Phelim McAleer, a producer of the upcoming independent movie “My Son Hunter” exposing alleged corruption in the Biden family, said he hasn’t “recovered from the shock” after knowing that Hunter Biden’s attorney had infiltrated his movie set in Serbia.
“Hunter Biden’s lawyer was on the set of our movie, secretly recording and interviewing people under false pretenses over several days to find out what was going on,” McAleer said in a recent interview with EpochTV’s “China Insider” program.
The lawyer that he was referring to is Hollywood attorney Kevin Morris, who won a Tony award as a co-producer of the Broadway musical “The Book of Mormon.” His law firm previously represented Hollywood celebrities including Chris Rock, Scarlett Johansson, and “South Park” creators Matt Stone and Trey Parker.
According to McAleer, Morris and two of his associates flew to his movie set in Serbia on a private jet, claiming to be making a documentary with the aim to expose Hunter Biden’s corruption.
McAleer said he found their visit “unusual” but he didn’t question their intention during their short visit, since Morris did not conceal his name and he knows who Morris is.
However, what Morris did hide from McAleer is the fact that he was representing Hunter Biden, a revelation exposed by CBS News in early May. The outlet got confirmation from Morris’s office that he was putting together a legal and media strategy for the president’s son.
What’s more, Christopher Clark, Hunter Biden’s criminal attorney, also confirmed to the outlet that Morris is acting as an “attorney and trusted adviser” to the president’s son.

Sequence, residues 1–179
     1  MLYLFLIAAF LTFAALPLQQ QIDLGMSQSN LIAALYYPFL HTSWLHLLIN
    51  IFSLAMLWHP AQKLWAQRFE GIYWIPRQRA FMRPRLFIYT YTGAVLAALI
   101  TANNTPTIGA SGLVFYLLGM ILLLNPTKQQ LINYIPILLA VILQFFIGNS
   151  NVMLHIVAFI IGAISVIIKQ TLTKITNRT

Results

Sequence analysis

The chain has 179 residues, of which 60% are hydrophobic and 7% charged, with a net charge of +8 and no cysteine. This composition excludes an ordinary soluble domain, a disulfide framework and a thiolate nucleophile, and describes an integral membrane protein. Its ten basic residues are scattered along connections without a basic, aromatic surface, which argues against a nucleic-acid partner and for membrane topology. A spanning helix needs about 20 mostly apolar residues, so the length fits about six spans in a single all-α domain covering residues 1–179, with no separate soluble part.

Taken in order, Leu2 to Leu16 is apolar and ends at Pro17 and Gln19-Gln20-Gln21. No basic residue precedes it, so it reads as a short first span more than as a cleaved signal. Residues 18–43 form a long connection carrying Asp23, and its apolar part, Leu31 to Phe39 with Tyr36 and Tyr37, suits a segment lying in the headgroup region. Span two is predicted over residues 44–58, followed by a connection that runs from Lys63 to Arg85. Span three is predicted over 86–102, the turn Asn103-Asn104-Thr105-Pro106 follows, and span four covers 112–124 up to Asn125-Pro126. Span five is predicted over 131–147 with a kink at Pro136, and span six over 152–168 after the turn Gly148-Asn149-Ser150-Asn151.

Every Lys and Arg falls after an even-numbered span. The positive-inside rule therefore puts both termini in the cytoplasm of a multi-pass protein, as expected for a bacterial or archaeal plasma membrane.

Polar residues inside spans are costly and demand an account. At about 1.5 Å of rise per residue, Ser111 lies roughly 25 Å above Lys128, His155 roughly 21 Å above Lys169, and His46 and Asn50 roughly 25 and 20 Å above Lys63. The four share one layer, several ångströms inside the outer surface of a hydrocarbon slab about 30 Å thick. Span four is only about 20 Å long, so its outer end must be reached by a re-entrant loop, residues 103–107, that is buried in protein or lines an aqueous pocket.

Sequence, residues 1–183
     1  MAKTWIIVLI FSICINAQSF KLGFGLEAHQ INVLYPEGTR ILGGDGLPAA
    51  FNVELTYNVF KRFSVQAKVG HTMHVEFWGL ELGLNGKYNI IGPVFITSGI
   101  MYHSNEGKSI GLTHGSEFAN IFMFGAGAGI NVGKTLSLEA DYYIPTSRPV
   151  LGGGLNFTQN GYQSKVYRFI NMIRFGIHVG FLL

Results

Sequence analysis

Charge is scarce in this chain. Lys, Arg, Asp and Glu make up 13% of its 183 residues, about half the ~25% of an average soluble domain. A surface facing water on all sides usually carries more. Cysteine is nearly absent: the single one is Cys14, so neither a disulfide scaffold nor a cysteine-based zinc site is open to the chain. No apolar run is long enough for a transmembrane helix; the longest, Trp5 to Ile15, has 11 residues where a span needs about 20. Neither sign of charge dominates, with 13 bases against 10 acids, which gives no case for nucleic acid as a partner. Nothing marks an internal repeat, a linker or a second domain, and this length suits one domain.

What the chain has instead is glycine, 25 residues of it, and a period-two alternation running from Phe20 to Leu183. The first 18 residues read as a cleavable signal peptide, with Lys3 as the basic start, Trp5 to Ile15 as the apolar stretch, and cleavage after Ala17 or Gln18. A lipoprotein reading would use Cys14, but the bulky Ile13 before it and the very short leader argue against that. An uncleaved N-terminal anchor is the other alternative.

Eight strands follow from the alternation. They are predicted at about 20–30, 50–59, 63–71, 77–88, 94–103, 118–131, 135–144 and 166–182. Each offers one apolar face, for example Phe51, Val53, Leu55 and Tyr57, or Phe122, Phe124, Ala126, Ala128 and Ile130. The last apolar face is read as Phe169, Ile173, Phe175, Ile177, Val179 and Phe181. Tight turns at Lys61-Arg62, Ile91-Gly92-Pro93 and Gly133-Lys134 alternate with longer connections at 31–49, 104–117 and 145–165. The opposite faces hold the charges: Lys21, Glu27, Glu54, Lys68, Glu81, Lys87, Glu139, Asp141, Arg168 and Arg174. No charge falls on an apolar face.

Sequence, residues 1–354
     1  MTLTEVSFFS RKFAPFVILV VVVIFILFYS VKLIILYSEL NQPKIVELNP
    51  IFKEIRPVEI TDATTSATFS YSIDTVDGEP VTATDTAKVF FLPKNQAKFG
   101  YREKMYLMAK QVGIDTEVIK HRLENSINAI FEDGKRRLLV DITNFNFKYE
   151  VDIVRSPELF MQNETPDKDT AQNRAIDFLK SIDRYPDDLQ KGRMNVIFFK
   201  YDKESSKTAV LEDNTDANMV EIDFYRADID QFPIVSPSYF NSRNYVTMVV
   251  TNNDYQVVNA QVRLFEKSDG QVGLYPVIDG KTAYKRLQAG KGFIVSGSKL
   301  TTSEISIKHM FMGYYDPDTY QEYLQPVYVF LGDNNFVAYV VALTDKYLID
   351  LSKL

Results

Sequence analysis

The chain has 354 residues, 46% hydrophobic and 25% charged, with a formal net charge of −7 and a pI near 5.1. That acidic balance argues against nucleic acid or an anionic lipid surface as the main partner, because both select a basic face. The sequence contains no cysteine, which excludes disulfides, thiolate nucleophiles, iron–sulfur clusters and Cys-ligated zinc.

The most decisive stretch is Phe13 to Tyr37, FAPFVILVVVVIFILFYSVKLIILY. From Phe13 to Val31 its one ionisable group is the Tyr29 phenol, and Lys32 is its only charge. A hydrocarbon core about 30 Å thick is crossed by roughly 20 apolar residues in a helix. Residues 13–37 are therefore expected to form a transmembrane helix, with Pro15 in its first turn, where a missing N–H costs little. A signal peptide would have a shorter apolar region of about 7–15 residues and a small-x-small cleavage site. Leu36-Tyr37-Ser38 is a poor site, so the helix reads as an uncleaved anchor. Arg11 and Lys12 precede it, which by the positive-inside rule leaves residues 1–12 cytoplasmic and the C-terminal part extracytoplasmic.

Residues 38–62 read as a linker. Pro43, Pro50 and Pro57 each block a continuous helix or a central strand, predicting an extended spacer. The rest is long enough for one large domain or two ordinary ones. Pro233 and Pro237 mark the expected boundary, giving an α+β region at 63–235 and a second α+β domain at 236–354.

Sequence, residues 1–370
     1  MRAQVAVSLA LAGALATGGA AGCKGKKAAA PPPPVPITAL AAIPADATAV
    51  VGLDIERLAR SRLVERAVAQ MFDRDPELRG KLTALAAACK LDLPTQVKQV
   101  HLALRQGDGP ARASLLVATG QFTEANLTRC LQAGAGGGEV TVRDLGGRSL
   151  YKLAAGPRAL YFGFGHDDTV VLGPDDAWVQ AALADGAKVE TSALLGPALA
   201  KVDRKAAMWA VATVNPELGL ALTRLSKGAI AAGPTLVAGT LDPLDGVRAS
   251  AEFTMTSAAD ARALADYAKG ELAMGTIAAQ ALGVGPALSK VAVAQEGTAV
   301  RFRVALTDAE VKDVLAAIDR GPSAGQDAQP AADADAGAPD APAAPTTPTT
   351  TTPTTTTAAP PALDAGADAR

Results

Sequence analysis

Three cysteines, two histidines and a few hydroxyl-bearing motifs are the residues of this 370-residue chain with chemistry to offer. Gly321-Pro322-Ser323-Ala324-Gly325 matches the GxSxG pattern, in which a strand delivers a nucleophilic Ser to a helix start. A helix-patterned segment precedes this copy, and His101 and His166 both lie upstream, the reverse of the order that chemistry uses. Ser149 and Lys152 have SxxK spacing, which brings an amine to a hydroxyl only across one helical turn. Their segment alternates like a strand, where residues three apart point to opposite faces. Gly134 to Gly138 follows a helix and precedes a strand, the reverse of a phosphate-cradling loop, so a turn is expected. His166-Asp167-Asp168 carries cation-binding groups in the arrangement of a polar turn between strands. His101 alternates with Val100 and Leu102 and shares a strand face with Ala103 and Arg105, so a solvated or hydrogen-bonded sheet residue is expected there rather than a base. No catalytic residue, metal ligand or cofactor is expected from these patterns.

McAleer said he was stunned when he saw the CBS report.
“I did not believe it,” McAleer said. “I was thinking, like, this is a lawyer, you can’t do that as a lawyer, you can’t pretend you’re not representing your client and speak to a third party, and misrepresent that.”
He added, “There’s an actual part of the California Bar Association ethics rules that says, you’re not allowed to represent yourself as an independent person, to someone who does not have legal counsels.”
Looking back, McAleer said he had some assumptions about why Morris was at his set.
“They’re trying to get some words that they could smear and put together to discredit the movie and to discredit our project,” McAleer said.
He said “My Son Hunter,” a crowdfunded film now in post-production, will be “Austin Powers” meets “House of Cards.” The movie stars British actor and political activist Laurence Fox in the title role and “Dynasty” star John James as Joe Biden.
“It’s a great story and that’s what they’re afraid of, that the story will travel far and wide and that’s why I suppose they infiltrated our movie set, tried to spy on it,” he added.
Hunter Biden, who is currently under federal investigation for tax affairs, has been under scrutiny for his overseas business dealings in countries including Ukraine, Russia, and China, particularly during the time when Biden was vice president during the Obama administration.
For instance, he was paid over $83,000 a month for his work at Ukrainian energy firm Burisma’s board, a position he held from 2014 until 2019, according to payment records that former Ukrainian law enforcement officials provided to Reuters.
Emails unearthed from Hunter Biden’s laptop showed that he traveled to Beijing between 2014 and 2015 trying to broker a $120 million oil agreement between a Chinese state-owned oil company and Kazakhstan’s then-prime minister.
McAleer didn’t think the infiltration has caused him or his movie any damage.
“I suspect the damage actually is going to be for Kevin Morris and Hunter Biden,” he said. “How do you hold the moral high ground when you infiltrated a movie set under false pretenses?
As for what people can get out of watching “My Son Hunter,” McAleer said he wanted people to learn.
“I wish the people learn that the Vice President of the United States was doing deals with foreign entities, Chinese entities, Russian entities, Ukrainian entities, getting tens of millions of dollars for doing nothing,” he said.
“I want them to start asking questions,” he added. “But I also want them to enjoy a really funny movie.”
The Epoch Times has reached out to Morris for comment.